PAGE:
My first day on the job in Thailand to explore Asian beauty secrets and.. I woke up with a stiff neck. A very stiff neck.
I ignored it, and drove my motorbike down the highway, looking for interesting places to explore. Nothing was getting in my way.
About 20 minutes into my ride, I pass by a little shop and hear a woman yell to me, “k̄habkhuṇ kha!”(which means “thank you” in Thai). I decided to listen to my instinct and stop.
And her shop was.. a massage studio!
I guess there’s no escaping fate.
Credit: Studio Momo Youtube Channel
Thai massage is what I imagine happens when couples yoga meets massage. It’s a dry massage usually done while clothed, where the masseuse not only helps find and release points of pressure in the body, but also stretches with you as a partner in the massage. It feels more intimate because the masseuse is on the table with you the whole time, working with you, not on you.
Thai massage is extremely popular, even in the US. It’s so popular because when done properly, it gives a full relief of tension, so Thai massage is great for those of us who sit and stare at our computers all day (me, me!).
One disclaimer: This is not my first Thai massage. I discovered Thai massage a year ago, but still think it’s worth reporting on, especially while I’m in Thailand, getting the real deal!
Once I was clothed in their cotton garments, she asked me to lay face down on the table. Just like every Thai massage I’ve ever received, she began by turning my toes toward each other and pushing down on my feet, which I know now is called a “foot press” and looks like this corny stock photo (this feeling is the BEST).
She worked up my legs, using the palms of her hands to push and release. It almost feels like a happy cat kneading their paws against you.
The masseuse works her way up your legs, to your back, and arms. She then has you flip over to massage the front of your legs, stomach, chest, neck and head. I’m a little sensitive to the inner-thigh kneading, but they always insist that it’s necessary.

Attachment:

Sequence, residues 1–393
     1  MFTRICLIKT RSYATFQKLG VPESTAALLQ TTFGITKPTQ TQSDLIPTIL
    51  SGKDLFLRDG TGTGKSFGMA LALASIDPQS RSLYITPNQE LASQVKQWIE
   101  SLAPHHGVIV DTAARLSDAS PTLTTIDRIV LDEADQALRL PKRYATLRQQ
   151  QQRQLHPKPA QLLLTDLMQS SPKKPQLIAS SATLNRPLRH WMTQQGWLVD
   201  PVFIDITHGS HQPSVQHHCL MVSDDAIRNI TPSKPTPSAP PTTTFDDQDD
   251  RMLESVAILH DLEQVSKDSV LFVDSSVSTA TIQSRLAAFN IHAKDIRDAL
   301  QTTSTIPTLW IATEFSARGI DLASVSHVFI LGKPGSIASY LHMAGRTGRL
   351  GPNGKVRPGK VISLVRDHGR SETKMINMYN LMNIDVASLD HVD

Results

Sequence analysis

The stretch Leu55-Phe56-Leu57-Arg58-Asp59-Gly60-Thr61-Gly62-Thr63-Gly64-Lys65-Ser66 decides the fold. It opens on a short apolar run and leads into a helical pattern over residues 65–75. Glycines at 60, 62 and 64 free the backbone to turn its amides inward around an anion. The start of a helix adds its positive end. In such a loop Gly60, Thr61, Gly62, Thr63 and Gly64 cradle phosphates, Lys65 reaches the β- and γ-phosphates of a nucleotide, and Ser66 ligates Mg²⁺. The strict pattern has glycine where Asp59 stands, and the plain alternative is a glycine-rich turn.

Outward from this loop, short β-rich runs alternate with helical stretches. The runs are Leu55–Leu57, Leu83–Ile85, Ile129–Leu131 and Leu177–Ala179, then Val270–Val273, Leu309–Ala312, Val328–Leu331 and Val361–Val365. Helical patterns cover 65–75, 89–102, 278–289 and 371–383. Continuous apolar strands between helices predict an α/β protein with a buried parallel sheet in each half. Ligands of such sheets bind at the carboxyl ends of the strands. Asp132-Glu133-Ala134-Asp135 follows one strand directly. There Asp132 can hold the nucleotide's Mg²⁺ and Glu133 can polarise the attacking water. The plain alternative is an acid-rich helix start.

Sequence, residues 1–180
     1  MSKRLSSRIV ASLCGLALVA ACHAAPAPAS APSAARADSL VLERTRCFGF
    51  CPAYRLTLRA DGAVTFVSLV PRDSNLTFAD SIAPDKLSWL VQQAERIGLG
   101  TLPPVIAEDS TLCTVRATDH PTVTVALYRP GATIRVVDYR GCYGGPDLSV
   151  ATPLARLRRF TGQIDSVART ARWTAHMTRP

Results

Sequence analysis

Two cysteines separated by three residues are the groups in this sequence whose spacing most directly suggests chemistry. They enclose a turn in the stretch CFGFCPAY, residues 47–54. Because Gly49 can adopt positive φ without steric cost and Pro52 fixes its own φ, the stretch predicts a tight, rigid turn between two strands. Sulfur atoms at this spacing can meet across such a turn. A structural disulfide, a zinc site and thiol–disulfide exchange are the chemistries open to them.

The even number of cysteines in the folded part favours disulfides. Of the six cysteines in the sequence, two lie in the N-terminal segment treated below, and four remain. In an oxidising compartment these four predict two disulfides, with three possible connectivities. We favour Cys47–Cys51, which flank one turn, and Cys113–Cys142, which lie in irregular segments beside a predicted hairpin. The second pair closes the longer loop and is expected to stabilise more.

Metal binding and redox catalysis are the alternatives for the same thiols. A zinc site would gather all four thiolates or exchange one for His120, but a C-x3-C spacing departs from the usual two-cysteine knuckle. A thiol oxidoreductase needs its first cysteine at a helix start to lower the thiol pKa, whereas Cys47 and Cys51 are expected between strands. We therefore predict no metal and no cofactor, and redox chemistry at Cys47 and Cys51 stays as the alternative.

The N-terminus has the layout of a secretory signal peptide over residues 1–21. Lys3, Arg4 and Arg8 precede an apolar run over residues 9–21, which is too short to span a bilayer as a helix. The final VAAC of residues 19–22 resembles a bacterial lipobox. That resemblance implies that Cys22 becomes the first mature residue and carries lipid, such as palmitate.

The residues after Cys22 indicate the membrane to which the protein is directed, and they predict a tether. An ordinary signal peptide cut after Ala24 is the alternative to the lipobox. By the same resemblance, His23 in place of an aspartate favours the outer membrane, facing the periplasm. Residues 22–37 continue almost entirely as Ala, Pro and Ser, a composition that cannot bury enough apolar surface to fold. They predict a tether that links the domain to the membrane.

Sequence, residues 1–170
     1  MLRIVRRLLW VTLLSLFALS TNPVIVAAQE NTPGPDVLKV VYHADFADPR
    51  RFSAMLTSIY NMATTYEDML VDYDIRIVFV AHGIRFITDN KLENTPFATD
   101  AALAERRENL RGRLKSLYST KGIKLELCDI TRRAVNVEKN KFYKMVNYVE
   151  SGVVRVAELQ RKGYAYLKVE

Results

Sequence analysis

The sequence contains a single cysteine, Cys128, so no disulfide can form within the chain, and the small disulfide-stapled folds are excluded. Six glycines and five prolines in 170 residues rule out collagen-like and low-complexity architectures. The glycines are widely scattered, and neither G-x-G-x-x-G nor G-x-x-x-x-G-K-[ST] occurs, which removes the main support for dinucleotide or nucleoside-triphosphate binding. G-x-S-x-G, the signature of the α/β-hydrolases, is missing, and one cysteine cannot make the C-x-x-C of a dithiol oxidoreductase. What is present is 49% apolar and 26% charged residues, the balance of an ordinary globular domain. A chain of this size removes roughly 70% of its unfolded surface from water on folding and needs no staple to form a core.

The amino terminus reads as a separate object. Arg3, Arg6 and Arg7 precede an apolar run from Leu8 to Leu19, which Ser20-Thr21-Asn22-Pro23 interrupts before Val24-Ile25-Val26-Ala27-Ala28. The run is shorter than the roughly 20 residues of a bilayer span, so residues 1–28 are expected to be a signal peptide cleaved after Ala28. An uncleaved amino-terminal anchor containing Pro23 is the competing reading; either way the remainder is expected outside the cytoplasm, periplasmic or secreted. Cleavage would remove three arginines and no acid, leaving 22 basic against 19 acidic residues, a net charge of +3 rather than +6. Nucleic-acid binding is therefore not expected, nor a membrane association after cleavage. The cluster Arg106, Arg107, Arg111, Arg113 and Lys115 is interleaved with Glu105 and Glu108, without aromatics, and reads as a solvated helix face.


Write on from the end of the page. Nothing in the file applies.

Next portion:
Another favorite move of mine—that mimicks the starting move on your feet—is a move where the masseuse holds down your hand by your wrist, and push on your shoulder, pushing it onto the table. For someone that’s slightly crouched over her computer all day, it feels amazing to have my shoulders pushed back straight against the table.
Toward the end of the massage portion, she not only gave me a rough scalp massage, but she also pulled my hair. I wanted to tell her to stop, but since I was doing this “for science” (aka for the blog), I felt obligated to endure it. It felt strangely relieving, but a little over the top. This is the first time I’ve had my hair pulled during a massage, so I’m not exactly sure if this is part of the routine or not.
Then comes the final yoga portion. I love this part.
First you interlace your hands behind your head, and the masseuse puts her knee in your back, at the base. She pulls your body back over her knee, then returns and places the knee a little higher and repeats all the way up your back.
Staying with hands interlocked, she twisted my body slowly then quickly to the right, then the left. My back was loving this.
In other massages, I’ve also had legs or arms pulled up or down with the therapist. It’s a lot of stretching and contorting that can feel uncomfortable when you’re on the table.
The massage always ends with neck stretching and shoulder massage in a sitting position. Typically the therapist will use her forearms to stretch out the shoulder from the neck. The ending of a Thai massage always gives me chills.. it’s just so darn good!
I left this massage feeling rested, relaxed, and.. toned!? I always leave a Thai massage feeling like I actually just did yoga. I didn’t. But I feel like I did! And that’s a good feeling.
Thai massage is amazing because you can feel the tension releasing as they knead your body. It’s not like Swedish massage, which can easily become light touch for circulation flow. It’s rough, but without some of the excruciating pain that comes with a Chinese massage.
I have tried every type of massage for my chronic neck and shoulder pain and tension headaches. I’m telling you—Thai massage is the best. I still stand by cupping for the occasional body cleanse, but Thai massage is my weekly workout.
I’m encouraging all of you boss ladies to get out there and try it! You’ll thank me later.
Have you tried Thai massage before? What was your experience?